Thanks, Professor. Always enjoy hearing from you–especially on this one.

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  10. Jen S. says:

    Might this mean we’ll get a lower percentage of peanuts in our mixed nuts? (Probably not; peanuts are probably still cheaper than the rest.)

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  11. xtophr says:

    Couple of guesses:

    Peanut butter jar sizes will be reduced by 30%

    Peanut butter co-ingredients (corn syrup, hydrogenated seed oils) will be boosted

    Supermarkets will eat most of the increase and promote peanut butter as a loss leader

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  12. Xian says:

    I would try it…if I ate peanut butter, but I disagree that this is an inelastic product, with more other ‘nut butters’ recently appearing on the market as a healthy alternative to the neural-toxic mold found on all peanuts. This could shift peanut butter fans whom are trying for an inexpensive or equally priced, healthy alternative to the others and then peanuts might loose their rein as the king of nuts and farmers might start switching to the others for a more reliable crop that would provide a steadier income.

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  13. Pedro Ivo says:

    Dont’t you think mayonese prices are as inelastic as the peanut butter one? Isn’t Mayonese a substitute, instead of a complemmentary, for most people?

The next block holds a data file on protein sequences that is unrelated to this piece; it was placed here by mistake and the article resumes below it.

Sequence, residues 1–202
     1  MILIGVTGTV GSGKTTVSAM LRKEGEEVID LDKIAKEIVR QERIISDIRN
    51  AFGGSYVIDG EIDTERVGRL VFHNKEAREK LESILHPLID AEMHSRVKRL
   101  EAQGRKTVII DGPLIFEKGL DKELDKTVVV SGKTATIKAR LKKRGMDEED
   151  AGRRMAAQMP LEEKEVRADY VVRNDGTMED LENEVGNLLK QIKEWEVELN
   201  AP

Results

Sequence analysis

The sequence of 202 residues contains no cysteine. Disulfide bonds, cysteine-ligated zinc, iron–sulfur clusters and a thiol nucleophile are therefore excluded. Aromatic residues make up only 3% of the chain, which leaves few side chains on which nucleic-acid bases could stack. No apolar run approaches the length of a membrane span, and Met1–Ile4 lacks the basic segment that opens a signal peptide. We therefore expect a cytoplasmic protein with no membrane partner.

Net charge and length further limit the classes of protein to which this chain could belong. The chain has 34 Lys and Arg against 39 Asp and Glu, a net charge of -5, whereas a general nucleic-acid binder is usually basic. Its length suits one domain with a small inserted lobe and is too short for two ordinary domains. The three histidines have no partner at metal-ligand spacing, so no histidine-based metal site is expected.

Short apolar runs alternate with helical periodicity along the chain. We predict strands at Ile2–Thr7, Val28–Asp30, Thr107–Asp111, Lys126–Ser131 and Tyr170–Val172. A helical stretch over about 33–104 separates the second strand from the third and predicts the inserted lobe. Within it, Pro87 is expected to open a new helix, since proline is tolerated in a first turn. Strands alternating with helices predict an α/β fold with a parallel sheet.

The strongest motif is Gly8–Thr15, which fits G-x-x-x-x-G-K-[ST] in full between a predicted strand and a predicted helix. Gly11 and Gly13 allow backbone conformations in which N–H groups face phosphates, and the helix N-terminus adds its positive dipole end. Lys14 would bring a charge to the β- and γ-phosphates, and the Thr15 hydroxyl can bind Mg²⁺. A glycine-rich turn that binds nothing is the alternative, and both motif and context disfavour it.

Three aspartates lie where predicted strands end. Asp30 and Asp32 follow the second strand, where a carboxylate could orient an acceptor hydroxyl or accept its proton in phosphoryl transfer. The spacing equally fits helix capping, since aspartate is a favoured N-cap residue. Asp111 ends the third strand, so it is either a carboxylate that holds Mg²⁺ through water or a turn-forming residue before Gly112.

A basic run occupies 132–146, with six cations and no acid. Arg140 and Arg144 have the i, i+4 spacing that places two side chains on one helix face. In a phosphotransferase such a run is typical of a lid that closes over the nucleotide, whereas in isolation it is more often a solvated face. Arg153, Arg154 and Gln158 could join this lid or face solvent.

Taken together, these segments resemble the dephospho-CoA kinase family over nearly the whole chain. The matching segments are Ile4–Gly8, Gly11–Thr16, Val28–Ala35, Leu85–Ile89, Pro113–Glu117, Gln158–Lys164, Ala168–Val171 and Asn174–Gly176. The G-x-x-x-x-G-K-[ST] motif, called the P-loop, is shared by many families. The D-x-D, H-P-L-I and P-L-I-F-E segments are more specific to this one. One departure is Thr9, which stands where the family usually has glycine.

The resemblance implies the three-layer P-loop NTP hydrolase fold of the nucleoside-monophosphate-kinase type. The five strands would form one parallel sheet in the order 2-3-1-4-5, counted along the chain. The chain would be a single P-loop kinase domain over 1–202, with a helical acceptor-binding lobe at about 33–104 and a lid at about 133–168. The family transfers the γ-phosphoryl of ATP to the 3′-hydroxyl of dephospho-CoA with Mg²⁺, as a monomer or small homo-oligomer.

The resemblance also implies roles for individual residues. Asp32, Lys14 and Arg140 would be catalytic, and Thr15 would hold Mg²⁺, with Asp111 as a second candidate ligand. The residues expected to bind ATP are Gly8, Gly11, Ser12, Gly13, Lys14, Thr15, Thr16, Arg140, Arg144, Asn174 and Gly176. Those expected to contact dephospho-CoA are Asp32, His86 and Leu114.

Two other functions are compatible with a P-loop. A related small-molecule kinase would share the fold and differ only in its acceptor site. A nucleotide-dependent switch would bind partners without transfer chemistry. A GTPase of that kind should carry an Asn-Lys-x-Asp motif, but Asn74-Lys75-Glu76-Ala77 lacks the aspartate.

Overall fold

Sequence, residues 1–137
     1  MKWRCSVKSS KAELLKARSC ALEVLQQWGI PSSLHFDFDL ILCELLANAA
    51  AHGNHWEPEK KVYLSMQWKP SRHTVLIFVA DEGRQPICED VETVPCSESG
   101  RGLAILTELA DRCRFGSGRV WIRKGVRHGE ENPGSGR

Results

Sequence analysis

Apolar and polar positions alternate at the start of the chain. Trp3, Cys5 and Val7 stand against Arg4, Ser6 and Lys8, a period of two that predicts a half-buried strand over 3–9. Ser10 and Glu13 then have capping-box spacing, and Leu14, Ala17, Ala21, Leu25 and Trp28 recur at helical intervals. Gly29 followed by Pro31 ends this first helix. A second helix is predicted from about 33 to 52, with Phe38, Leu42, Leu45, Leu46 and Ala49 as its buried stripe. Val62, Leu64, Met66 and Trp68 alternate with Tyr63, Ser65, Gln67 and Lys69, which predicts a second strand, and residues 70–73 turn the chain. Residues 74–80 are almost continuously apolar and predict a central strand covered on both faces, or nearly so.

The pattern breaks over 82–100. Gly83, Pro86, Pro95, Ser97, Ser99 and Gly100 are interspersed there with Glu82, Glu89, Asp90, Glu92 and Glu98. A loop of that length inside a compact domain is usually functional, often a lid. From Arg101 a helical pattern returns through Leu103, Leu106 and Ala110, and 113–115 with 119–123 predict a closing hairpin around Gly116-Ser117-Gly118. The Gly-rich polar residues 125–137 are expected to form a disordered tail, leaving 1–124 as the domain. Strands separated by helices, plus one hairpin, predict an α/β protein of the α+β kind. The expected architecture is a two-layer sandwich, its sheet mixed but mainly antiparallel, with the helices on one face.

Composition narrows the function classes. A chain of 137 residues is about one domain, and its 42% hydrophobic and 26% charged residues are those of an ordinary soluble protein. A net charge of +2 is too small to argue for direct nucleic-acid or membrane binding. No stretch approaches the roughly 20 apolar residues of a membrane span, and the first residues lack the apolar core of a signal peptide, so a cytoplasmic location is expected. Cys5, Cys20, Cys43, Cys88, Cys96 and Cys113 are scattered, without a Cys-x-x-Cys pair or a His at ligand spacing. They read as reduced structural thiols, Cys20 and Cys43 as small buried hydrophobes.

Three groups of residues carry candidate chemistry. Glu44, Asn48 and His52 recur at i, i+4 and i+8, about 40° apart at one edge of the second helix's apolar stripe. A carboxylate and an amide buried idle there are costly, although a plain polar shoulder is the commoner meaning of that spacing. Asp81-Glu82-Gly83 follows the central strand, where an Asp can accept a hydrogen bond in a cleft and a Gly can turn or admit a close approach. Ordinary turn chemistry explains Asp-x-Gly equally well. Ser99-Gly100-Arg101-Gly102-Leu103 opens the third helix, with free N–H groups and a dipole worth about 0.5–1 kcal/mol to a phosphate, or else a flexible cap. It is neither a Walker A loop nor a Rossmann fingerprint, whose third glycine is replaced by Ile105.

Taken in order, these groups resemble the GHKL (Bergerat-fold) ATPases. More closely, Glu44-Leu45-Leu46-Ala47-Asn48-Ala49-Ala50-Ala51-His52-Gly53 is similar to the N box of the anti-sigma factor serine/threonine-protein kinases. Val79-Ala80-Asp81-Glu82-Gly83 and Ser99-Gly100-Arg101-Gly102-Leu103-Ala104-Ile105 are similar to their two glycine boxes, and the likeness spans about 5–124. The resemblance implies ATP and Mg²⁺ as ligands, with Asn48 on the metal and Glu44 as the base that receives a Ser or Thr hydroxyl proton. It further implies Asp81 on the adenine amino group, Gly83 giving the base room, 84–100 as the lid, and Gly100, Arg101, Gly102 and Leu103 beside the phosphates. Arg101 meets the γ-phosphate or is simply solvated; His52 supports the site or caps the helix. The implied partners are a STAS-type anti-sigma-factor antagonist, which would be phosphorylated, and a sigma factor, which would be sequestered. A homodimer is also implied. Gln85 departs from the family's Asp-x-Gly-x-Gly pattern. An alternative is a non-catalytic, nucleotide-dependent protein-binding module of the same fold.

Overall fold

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  14. James says:

    My question, though, is whether the price of a jar of peanut butter is actually significant to most people – that is, they want peanut butter, and so pick a jar from the store shelf without even looking at the price.

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    • Enter your name... says:

      The price is certainly significant to the majority of Americans, who are trying to maintain their families on annual incomes of $50,000 or less, and for whom peanut butter sandwiches are a simple (kids can make their own lunches) and relatively inexpensive meal.

      But for those at the top 10% of the income scale, they might not notice or care.

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  15. J S says:

    Peanuts get one of the largest crop subsidies of any other farm product. Because the peanut gets used in a lot of secondary industries (peanut oil, livestock feed, etc) at greater quantities than sandwiches and candies.